Sunday, October 15, 2017

Q&A with Carole Boston Weatherford

Carole Boston Weatherford is the author of the new children's picture book Schomburg: The Man Who Built a Library. It focuses on Arturo Schomburg, the Harlem Renaissance figure and collector of books and art from Africa and the African diaspora. Weatherford's many other books include Becoming Billie Holiday and Moses: When Harriet Tubman Led Her People to Freedom. She lives in North Carolina.

Q: Why did you decide to write this picture book about Arturo Schomburg?

A: It was Eric’s idea—Eric Velasquez, the illustrator. We worked together on four books in the past, and on a couple of occasions in the past he pitched a book to me. With the Jesse Owens book, he said, How about a book on Jesse Owens at the 1936 Olympics, and I said, Okay!

He said he’d like to do a book about Schomburg, and I said, Okay! But the journey of this book was longer. Within a year or two we had a contract for Jesse Owens. This book took a decade. It was a long journey.

I wrote the manuscript as a book-length poem for a picture book. I let it sit for a while, and pulled it out again years later when our agent said, Do you have anything Eric and you can work on?

I delved deeper. There’s a sequence of poems in the book, so you have to have more words than in a book-length poem. I had to do more research—I had to show Schomburg’s discovering as well, [information] that debunked what his 5th grade teacher had told him [that African descendants had no history].

Q: How did you research the book?

A: [There are] two books about Schomburg—one is the definitive biography of him, and one is a monograph, The Legacy of Schomburg. There were those two, and then, as I looked at the books and artifacts and art in his collection, I researched those pieces as well, to see what he may have discovered, himself.

I tell people it’s a book about primary sources. This man was collecting them at a time when primary sources were all there was. Now there are secondary sources, thanks to the efforts of Schomburg and others.

I did not go to the Schomburg Center to work on this project, but I had been there a long time ago, before digitizing. I was there [doing research] with white gloves on. It was in the ‘80s.

Q: Did you learn anything that especially surprised you?

A: I’m trying to think of anything I didn’t know…I had not studied the Haitian Revolution that much, and was finding out details about it. And this may seem trivial, but he married three women who were all named Elizabeth!

The poem most referenced by reviewers is Whitewash, about some of the people we typically don’t think of as having African ancestry, but did. But I had heard of this before.

With Beethoven, I was not sure it had been confirmed; I had heard of the other three, Pushkin, Audubon and Dumas. It was fairly well known in circles of very enlightened black people who might be in those disciplines. That’s been the most eye-opening for many people who have reviewed the book.

I knew Schomburg gave his collection to the library but I didn’t know Schomburg was so intimately involved with other figures from the Harlem Renaissance. He was helping other people with their research, and helping writers.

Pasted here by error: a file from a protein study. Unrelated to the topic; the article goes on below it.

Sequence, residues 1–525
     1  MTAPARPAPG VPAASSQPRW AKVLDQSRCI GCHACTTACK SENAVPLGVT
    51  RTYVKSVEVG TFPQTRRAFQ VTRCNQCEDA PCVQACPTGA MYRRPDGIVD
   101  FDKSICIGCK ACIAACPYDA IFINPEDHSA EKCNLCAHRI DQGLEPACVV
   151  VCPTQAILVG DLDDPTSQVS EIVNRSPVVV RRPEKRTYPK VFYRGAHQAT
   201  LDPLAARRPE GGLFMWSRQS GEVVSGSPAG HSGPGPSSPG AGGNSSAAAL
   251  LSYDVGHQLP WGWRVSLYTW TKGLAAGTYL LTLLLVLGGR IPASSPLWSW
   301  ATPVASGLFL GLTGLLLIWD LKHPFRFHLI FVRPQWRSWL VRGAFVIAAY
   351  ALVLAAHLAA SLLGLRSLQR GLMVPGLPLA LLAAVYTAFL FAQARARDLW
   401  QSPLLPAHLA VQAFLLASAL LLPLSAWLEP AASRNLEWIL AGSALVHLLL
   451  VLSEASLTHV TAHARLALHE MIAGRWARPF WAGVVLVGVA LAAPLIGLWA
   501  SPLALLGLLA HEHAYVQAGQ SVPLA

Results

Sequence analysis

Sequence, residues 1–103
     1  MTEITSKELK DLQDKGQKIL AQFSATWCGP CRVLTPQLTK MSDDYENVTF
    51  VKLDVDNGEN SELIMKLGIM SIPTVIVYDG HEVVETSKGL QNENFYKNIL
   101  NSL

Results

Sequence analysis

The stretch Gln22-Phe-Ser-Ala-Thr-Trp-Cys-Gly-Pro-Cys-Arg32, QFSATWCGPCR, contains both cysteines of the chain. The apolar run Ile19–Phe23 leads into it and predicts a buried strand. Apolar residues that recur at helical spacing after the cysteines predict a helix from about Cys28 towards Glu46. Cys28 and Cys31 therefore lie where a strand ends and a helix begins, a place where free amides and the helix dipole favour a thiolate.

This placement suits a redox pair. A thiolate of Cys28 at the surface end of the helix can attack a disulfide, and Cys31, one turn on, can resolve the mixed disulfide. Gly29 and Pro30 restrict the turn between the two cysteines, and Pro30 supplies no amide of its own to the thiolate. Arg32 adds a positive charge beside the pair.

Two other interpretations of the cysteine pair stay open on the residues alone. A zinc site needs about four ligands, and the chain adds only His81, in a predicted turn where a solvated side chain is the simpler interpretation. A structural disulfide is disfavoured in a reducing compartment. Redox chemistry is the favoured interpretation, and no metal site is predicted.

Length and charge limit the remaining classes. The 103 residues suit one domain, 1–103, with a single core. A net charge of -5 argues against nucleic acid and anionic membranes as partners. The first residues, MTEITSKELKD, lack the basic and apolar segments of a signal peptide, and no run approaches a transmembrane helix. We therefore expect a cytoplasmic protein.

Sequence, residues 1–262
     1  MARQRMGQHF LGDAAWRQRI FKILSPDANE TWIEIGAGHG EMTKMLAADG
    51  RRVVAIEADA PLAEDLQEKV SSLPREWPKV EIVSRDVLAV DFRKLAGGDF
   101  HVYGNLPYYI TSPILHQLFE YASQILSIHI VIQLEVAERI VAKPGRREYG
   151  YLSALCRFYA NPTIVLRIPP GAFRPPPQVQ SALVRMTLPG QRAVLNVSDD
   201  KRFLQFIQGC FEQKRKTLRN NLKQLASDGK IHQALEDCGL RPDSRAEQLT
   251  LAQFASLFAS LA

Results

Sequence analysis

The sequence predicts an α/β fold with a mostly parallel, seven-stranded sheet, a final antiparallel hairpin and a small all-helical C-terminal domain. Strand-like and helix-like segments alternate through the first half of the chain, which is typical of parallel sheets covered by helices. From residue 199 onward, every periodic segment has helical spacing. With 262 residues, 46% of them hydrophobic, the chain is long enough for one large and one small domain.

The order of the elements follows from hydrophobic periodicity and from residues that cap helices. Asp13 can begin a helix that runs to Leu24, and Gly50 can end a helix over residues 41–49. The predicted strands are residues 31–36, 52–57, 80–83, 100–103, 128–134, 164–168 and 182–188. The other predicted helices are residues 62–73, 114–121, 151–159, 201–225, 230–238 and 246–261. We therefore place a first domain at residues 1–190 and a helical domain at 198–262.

I think at that time the Harlem Renaissance needed a figure like a Schomburg. Somebody had to be the keeper of the history so others could come to the well and drink from it. If Langston Hughes was the bard, Schomburg was the librarian.
Q: What do you hope readers take away from his story?

A: I hope they will take away that being someone of African descent is not something you can pigeonhole into a stereotype. I hope they will understand the breadth and depth of the African contributions throughout the diaspora, particularly in the United States.

Q: What do you see as his legacy today?

A: The collection itself. It’s the world’s largest collection of African American manuscripts and artifacts and primary sources. I hope kids will appreciate how exciting it must have been for Schomburg to deal with these primary sources. Research can be exciting.

My dedication kind of speaks to that—“Curiosity is the seed of discovery. Discovery is the root of progress.” To move forward, you’ve got to have something with you. You’ve got to know you’re entitled to [more].

Q: Getting back to Eric Velasquez, what do you think his illustrations add to the book?

A: They certainly dramatize the narrative, and lend dignity to the subject matter. Because they go from the Caribbean to the United States to Europe, they certainly cover a wide scope and sweep…I love the illustrations. I love that he’s used oil. The oil makes this more masterful.

Some of the illustrations are museum-quality portraits—of Beethoven, of Toussaint Louverture. I think Eric did fantastic illustrations—he really did Schomburg justice. The cover image, of Schomburg holding all the books, captures the essence of the man…

Q: What are you working on now?

A: I’m working on a project about the Selma to Montgomery march. It’s a book-length poem.

The next to come out will be Be a King, illustrated by James Ransome. It’s not a biography but a book about how children can adapt his principles of service in their own young lives.

It weaves in aspects of his life, through images of published and personal milestones of his life, with stories of kids doing service projects in their community, living out King’s dream, and working on a mural of King at their school.

Q: Anything else we should know about the Schomburg book?

A: If I’m asked what my favorite poem is, it’s the last poem, called Epitaph. It weaves in an African proverb, that a book is a garden carried in a pocket. That portrait of him [on that page] almost comes to life.

--Interview with Deborah Kalb

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